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If radioactive decay is measured by halflife does it mean that few atoms of a radioactive material can be considered practically stable? If we try to measure the time when 0,1% of the atoms of the radiactive material are still stable we will get a huge dismeasure between the time when the first bunch of atoms decayed and these last 0,1%? Let say we collect all atoms of a radioactive material that would decay first and make a body of 1kg from them will they decay rapidly or their time of decay will be just what statistic tells fot that element?

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does it mean that [a] few atoms of a radioactive material can be considered practically stable?

No, it doesn't mean that. If you have a chunk of some radioactive isotope, then all of the atoms in that chunk are equally unstable. That is, they all have the same probability of decaying during a given time period.

Also, there's no measurement you can make on any of those atoms that will tell you if it's going to decay within the next half-life, or if it will still be undecayed ten half-lives from now. (There may be observable changes to the shape of a large nucleus just before it fissions, but the timescale for those changes is very short).


A common classroom activity to demonstrate how half-life works uses coin tossing, with each student representing a radioactive atom. Each student has a coin and a watch.

At the end of each minute (as determined by their watch), the student tosses their coin. If the coin comes up tails, then their atom has decayed, so they leave the room. If the coin is heads, they stay, and toss the coin again at the end of the next minute.

If there are ~30 people in the class, then room is likely to be empty after 5 minutes or so, because $2^5=32$.

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Yeah, statistics can be counter-intuitive.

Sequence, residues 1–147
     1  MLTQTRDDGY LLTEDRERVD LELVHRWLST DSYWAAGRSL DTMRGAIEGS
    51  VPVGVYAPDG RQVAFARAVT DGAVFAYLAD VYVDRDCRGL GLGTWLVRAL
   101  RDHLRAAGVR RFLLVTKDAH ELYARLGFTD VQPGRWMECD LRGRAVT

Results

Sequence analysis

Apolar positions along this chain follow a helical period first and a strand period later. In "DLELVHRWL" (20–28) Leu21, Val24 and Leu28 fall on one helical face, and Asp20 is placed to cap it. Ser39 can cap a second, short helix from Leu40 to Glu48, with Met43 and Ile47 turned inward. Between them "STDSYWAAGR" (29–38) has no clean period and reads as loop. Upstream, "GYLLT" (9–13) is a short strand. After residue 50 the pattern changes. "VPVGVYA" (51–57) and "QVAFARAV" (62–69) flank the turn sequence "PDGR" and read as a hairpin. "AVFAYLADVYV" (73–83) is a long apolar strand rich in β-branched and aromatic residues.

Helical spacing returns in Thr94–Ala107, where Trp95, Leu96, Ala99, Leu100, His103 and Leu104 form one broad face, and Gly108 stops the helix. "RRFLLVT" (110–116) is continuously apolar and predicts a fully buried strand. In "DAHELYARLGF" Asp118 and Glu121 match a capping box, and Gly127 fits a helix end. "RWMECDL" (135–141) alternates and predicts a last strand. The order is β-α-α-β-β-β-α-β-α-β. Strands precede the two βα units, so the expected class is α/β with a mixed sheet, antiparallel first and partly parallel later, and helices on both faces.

Imagine the following scenario:
You have very large population, and every year every member of that population does a round of russian roulette, with the terribly bad odds of having a 1 in 2 chance of dying.

Each year half the population does not survive the round of russian roulette.

But if the population is sufficiently large then a small portion will survive multiple decades, even though they go through a round of russian roulette every year.

Yet, it is wrong to suggest that the small, small population that is left standing is very good at playing russian roulette.

That's not how it works. If the odds of dying are 1 in 2, and the starting population is large enough, then some members of the initial population survive for multiple decades.

For each member of the population the odds are just as bad (1 in 2) for every round.

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The decay of a radioactive atoms is independent of the existence of other radioactive atoms. So let's suppose that we start at time $t=0s$ with $1\, 000$ atoms of a radioactive isotope with half-life $\tau$, and we give each atom a "name", $\{A_1, A_2, \ldots, A_{1000}\}$. After time $t=\tau$ the probability that the first atom $A_1$ has decayed is $p=1/2$. Hence, imagine that nature is flipping a coin and if the coin lands on heads the first atom has decayed. The same is true for all the other atoms. Thus, after time $t=\tau$ nature flips $1\,000$ coins and all atoms decay, if their coins lands heads. Therefore, on average $500$ radioactive atoms remain after time $t=\tau$.

The same process is done for the next time step, $\tau \to 2\tau$. However, since we have only (approx.) 500 radioactive atoms left, nature flips only 500 coins. Again, on average 250 coins land heads and the corresponding atoms decay.

Having the described process in mind, we can look at the expected time for the first 0.1% of atoms to decay. Even without going into the calculation we immediately see that it must be smaller than the half-life $\tau$. However, the last 0.1% will last much longer. To see this, we do the following estimate: After 10 half-life we have $2^{-10} = 1/1024 \approx 0.1\%$ of the initial atoms left. However, in order to reach 0.05% it takes a full half-life $\tau$.

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